September 23

J.D. Tippit – Do you remember who he was?

J.D. Tippit

I don’t like the overuse of the description “hero”. Often when we talk about people  placed in extraordinary circumstances who perform well or give their life while performing their duty, we use that word. When I researched for today’s blog, I saw “hero” used several times to describe J.D. Tippit.  I prefer to call him a “good man” doing his job.

Officer J.D. Tippit

Tippit’s name will forever be associated with the assassination of President Kennedy. It’s unfortunate that two other names are better remembered and written about more often than that of the Dallas police officer who was murdered that day by the same assassin. Kennedy’s murderer and the strip-club owner who killed him have names that are readily recognized by most people. Every story about Kennedy is likely to mention one or both of them. But, based on my informal poll, only four in ten readily recognize the name J.D. Tippit as that of the Dallas officer killed that day in 1963.

He was born into a farming family in Red River County, Texas. Tippit was a soldier in World War II. He returned home and  married Marie Gasway in 1946. After trying his hand at farming,  Tippet soon left the farm for a job as a Dallas police officer. Like many in law enforcement, despite the myth that most grow up wanting to be police officers, J.D. Tippit became one in order to provide for his family.

J.D. and Marie had three children and before long he was working two extra-jobs to supplement his police salary. At least twice during his police career he cheated death. On one occasion he was stabbed with an icepick after answering a call, and the second time a man pulled a pistol, pointed it at Tippit’s face and squeezed the trigger. The weapon didn’t fire. He and his partner shot and killed the suspect.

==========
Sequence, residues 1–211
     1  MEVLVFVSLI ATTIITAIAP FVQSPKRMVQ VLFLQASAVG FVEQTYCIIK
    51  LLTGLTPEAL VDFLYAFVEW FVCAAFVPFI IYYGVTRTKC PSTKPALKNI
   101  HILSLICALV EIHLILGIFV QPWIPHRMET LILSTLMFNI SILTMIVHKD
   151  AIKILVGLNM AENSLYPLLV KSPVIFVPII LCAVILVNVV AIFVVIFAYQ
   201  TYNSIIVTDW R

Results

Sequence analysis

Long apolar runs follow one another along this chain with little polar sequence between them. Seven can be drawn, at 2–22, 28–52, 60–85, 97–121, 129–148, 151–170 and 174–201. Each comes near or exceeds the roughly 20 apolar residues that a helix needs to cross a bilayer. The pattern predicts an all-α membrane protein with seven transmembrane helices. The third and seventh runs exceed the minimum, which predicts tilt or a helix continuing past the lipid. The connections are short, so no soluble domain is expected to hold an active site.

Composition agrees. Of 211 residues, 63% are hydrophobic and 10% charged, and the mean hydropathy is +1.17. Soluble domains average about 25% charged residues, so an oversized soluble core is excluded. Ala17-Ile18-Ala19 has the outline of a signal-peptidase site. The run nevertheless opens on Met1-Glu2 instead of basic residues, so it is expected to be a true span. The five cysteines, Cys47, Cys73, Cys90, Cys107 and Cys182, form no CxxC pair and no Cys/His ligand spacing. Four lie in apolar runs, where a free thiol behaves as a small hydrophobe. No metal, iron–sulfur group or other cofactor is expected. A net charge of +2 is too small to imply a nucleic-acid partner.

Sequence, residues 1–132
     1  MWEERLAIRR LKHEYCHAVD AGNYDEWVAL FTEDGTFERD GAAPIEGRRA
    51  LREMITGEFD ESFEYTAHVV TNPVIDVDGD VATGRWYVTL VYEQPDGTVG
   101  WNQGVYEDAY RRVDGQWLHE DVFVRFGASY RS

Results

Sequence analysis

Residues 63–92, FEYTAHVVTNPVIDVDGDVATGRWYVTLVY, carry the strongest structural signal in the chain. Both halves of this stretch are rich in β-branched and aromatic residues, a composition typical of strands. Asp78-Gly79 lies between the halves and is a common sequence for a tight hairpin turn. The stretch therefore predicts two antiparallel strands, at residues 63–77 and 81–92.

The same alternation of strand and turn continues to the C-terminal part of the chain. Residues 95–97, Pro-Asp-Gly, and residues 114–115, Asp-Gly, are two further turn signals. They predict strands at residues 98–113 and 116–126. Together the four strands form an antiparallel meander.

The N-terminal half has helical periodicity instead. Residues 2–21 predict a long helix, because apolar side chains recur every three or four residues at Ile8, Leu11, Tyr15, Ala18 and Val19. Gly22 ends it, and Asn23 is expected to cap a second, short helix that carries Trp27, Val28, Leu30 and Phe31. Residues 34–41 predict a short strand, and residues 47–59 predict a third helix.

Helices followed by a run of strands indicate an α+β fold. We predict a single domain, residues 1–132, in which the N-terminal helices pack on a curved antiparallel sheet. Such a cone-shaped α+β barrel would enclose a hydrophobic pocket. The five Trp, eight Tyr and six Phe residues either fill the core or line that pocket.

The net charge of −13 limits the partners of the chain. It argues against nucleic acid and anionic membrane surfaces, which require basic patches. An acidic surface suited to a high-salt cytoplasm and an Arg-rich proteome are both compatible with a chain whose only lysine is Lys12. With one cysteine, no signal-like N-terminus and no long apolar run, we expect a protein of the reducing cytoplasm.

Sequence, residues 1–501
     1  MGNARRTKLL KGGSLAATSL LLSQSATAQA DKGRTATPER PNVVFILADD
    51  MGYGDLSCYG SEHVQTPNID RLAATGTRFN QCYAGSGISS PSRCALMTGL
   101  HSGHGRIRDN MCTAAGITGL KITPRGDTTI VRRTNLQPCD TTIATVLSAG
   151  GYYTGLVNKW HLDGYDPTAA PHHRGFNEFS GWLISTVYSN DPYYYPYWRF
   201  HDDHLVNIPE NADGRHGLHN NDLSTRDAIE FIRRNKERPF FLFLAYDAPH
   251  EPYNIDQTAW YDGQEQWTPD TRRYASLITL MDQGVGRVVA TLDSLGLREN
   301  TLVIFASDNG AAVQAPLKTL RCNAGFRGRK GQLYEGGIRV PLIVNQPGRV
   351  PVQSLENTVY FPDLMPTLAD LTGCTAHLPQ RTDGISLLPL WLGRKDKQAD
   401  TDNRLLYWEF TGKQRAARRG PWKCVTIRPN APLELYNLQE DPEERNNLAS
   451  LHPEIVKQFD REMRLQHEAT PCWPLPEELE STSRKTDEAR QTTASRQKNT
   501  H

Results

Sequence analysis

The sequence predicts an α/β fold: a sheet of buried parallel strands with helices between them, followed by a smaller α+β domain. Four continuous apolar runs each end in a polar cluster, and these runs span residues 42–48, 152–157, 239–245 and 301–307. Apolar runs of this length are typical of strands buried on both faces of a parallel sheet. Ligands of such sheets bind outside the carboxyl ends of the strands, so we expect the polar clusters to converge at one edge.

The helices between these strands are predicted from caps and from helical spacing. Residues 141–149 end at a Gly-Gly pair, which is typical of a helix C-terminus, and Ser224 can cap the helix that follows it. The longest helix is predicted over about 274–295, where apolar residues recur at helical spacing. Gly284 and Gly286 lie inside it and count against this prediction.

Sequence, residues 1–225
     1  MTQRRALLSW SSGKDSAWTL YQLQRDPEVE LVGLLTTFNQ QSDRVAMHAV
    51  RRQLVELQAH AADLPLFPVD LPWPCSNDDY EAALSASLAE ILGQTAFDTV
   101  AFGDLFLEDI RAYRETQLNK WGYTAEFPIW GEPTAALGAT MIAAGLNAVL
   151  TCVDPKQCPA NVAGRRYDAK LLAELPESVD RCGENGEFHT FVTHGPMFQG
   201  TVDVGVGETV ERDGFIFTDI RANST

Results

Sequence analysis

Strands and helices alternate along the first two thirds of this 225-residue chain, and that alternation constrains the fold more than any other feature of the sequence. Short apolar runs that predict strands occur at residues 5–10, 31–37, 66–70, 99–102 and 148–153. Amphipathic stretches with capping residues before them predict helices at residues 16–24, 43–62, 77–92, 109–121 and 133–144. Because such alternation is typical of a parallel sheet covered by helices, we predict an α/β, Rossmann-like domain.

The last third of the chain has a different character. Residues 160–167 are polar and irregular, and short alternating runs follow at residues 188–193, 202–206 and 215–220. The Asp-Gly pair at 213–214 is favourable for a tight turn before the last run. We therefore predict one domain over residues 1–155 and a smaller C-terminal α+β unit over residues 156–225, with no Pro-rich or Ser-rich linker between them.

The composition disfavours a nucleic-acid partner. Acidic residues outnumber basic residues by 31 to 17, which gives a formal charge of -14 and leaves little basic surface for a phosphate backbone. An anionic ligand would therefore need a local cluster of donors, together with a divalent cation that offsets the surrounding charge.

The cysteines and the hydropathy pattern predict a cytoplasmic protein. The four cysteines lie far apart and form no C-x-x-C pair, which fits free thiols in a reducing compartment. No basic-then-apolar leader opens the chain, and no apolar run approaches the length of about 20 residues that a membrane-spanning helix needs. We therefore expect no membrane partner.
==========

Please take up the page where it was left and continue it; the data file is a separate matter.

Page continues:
Less than an hour after the assassination of President Kennedy, Officer Tippit was patrolling in the Oak Cliff area just outside downtown Dallas. He saw a man walking who fit the description of the suspected assassin and when he stopped to question him, the man pulled a pistol and shot him four times. J.D. Tippit was dead before assistance arrived at the scene. President Kennedy’s assassin was identified by multiple witnesses as the murderer of Officer J.D. Tippit.

Author Dale Myers has written a book, With Malice, about the murder of J.D. Tippit. With Maliceis published by Oak Cliff Press. The book was first available in 1998, but is now being released as an updated  50thanniversary limited edition. I haven’t read the book, but discovered a webpage maintained by Oak Cliff Press which provides an abundance of additional information about this ordinary man, placed in such an extraordinary circumstance. It’s available at

During November this year, hundreds of Dallas officers will pay tribute to J.D. Tippit by wearing a commemorative badge honoring him with this inscription, Patrolman J.D. Tippit, #848, EOW 11-22-63. (End of Watch) You can read more about this tribute at

It’s easy to call a man a hero and say a few nice words about him before placing his memory far back in the recesses of your mind.  But even though his actions that day fall well within the definition of “hero”, I hope you remember him as his family does. I wager that he would prefer these words, quoted in the Dallas Morning News and attributed to his widow and eldest son, than to be called hero by those who never knew him.

He was a man who made you want to live right. He loved his family and he loved his kids, and he’s the example I hold up for my kids.” Charles Allan Tippit, first son of J.D. Tippit.  

He was a good man who was killed doing his job. That’s what people need to remember about my husband.” Marie Tippit, widow of J.D. Tippit.

(The photo above, taken in 1964, when J.D. Tippit was declared a hero in Dallas, include his widow and three children.)

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Posted September 23, 2013 by Larry Watts in category "Other